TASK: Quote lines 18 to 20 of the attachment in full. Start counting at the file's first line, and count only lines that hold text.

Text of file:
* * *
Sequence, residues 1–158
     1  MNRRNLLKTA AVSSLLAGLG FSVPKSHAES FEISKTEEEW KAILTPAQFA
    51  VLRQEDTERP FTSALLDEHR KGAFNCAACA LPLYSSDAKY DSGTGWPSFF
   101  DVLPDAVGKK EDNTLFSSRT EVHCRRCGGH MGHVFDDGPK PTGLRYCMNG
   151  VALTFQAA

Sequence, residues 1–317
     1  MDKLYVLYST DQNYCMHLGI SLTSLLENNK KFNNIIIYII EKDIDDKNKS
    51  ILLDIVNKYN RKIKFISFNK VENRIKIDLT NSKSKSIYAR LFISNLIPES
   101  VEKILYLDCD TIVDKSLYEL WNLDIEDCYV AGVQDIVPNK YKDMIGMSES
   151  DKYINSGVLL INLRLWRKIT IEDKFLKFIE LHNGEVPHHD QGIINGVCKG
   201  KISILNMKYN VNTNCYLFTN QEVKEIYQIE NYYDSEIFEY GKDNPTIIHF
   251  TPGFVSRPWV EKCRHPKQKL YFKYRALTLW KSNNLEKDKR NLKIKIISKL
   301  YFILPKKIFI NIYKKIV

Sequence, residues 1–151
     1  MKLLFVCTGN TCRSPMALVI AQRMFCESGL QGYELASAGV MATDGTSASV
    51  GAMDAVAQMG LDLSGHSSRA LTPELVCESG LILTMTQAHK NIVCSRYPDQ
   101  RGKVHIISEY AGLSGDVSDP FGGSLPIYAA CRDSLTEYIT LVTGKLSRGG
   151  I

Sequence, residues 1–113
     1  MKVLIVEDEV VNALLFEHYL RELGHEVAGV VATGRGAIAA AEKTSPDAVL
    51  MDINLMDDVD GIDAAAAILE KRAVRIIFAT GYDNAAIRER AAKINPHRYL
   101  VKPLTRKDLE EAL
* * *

   151  I

Sequence, residues 1–113
     1  MKVLIVEDEV VNALLFEHYL RELGHEVAGV VATGRGAIAA AEKTSPDAVL